In Ghana, like most African countries there are a plethora of tribes and practices honored by the members of those tribes.
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The Akan tribe is matrilineal nevertheless oftentimes women and children are not afforded a hefty economic foot to stand on when the husband dies. Instead, the property is taken by the family of the deceased – even if the woman largely contributed to the wealth of the family unit.
In the Akan tribe which is largely comprised of the Ashantis and Fantes along with 14 other sub-groups, in the olden days, women were asked 40 days after the burial of their spouse if they would agree to marry the next of kin of the deceased, as documented by Widowhood Practices among the Akan of Ghana – Yesterday and Today by Helena R. Asamoah – Hassan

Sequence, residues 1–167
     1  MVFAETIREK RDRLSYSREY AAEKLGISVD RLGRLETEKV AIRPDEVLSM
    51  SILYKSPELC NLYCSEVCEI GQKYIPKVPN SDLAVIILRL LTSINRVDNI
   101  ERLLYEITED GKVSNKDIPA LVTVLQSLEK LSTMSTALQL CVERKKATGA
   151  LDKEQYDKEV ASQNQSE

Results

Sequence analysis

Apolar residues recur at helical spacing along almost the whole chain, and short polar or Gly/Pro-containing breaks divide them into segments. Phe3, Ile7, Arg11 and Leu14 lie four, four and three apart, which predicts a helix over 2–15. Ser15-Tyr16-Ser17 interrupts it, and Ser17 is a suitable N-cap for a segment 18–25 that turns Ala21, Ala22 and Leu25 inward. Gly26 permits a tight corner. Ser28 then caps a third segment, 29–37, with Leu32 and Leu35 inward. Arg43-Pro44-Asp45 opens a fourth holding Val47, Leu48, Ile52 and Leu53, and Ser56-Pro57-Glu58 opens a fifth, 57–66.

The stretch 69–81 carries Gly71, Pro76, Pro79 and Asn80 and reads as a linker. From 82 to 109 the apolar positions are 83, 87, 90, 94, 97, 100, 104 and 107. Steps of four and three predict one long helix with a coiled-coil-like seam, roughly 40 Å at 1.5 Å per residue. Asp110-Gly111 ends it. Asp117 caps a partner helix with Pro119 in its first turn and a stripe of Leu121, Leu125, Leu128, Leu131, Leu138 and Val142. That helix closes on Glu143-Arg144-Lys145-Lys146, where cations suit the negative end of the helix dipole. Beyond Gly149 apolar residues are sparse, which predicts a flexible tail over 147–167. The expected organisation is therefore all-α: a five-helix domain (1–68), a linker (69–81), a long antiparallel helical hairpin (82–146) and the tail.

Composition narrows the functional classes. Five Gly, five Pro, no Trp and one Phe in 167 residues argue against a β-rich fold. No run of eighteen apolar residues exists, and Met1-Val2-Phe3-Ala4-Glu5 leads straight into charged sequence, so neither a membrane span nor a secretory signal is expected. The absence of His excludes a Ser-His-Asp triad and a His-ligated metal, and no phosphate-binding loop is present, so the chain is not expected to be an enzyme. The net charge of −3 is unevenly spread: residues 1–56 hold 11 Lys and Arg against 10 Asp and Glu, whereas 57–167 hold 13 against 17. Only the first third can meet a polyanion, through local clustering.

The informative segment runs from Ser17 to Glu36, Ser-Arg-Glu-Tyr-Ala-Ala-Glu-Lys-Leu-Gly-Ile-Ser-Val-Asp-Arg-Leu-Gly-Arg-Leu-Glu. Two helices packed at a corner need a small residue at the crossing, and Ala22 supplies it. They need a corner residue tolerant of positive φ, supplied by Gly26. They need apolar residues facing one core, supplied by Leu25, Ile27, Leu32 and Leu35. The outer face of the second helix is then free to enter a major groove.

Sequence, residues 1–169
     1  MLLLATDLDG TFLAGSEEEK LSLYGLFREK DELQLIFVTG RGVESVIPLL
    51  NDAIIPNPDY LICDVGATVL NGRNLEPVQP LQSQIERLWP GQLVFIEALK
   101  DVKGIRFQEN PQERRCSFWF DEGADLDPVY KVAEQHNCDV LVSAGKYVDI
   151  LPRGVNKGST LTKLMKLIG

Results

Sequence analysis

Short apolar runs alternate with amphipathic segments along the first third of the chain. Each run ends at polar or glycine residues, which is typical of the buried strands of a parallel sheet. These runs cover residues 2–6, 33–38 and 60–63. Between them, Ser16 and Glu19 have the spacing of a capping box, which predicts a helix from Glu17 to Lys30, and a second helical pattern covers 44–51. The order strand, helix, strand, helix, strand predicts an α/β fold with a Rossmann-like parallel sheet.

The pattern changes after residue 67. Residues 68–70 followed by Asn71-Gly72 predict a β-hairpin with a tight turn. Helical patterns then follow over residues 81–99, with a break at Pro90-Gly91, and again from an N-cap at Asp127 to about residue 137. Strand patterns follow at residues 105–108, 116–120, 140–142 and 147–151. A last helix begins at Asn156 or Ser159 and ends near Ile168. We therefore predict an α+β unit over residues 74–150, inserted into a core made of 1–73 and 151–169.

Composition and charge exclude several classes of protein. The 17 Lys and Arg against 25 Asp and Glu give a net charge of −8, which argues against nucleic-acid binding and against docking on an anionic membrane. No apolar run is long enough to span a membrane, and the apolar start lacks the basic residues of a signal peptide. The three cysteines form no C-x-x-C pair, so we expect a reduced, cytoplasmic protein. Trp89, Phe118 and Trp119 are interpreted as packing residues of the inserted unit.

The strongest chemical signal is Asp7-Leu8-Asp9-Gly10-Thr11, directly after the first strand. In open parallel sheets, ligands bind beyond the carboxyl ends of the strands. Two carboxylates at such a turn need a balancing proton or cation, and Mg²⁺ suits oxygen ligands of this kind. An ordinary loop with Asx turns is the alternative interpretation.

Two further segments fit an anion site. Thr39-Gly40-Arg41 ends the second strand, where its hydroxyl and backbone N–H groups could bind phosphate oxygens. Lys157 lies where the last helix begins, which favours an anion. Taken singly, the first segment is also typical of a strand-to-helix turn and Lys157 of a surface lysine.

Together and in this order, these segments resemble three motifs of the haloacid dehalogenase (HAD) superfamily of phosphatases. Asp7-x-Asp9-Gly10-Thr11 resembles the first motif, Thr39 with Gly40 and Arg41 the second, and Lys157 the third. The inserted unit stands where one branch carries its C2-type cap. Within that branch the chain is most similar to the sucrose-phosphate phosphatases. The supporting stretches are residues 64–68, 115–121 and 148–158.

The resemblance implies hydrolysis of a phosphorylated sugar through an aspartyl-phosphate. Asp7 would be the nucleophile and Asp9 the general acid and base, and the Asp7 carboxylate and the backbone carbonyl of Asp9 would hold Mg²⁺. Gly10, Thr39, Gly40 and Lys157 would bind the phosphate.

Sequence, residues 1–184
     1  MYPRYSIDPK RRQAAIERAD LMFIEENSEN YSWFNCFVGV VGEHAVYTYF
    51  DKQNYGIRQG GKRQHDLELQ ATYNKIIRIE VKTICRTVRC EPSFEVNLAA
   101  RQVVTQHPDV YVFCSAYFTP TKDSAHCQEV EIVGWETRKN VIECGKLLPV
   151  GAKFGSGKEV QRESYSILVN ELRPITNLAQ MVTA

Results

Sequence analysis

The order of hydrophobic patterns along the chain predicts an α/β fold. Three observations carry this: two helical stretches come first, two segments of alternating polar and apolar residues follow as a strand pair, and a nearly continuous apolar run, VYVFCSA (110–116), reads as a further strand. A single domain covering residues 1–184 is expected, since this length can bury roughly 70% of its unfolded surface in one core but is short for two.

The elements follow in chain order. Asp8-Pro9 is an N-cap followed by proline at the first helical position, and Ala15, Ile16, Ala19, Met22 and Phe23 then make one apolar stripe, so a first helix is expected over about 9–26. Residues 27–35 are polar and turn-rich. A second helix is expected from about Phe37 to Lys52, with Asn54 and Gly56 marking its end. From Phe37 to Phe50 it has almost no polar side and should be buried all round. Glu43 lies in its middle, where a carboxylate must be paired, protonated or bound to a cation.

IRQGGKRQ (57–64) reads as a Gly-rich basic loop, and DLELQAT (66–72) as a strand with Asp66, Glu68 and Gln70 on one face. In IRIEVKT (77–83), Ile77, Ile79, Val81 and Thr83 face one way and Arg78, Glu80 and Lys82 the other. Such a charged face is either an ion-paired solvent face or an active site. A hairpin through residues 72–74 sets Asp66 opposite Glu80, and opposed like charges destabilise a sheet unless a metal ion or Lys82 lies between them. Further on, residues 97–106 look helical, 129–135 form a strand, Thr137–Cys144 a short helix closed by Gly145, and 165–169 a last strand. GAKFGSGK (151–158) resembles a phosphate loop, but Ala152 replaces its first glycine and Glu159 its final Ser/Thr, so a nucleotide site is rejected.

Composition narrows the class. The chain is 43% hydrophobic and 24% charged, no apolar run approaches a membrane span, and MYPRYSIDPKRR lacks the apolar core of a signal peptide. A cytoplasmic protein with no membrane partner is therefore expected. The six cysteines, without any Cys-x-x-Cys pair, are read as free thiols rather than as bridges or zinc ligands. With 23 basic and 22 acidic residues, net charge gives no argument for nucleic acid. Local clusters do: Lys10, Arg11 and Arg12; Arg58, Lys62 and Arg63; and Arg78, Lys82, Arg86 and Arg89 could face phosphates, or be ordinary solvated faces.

It was considered a taboo to marry the brother or uncle of the deceased. However, the heir of the deceased could cohabitate with the widow to ensure he received the goods promised to him via inheritance. If the widow refused to marry the heir, she was obligated to wait a year to remarry and all outstanding debts will have to be satisfied.
In modern times, some of these practices have been abandoned in urban areas and other vicinities away from rural areas. Education and the introduction of religions such as Christianity and Islam are also factors in the eradication of older practices.
Nonetheless, wife inheritance is still practised although it isn’t widely discussed.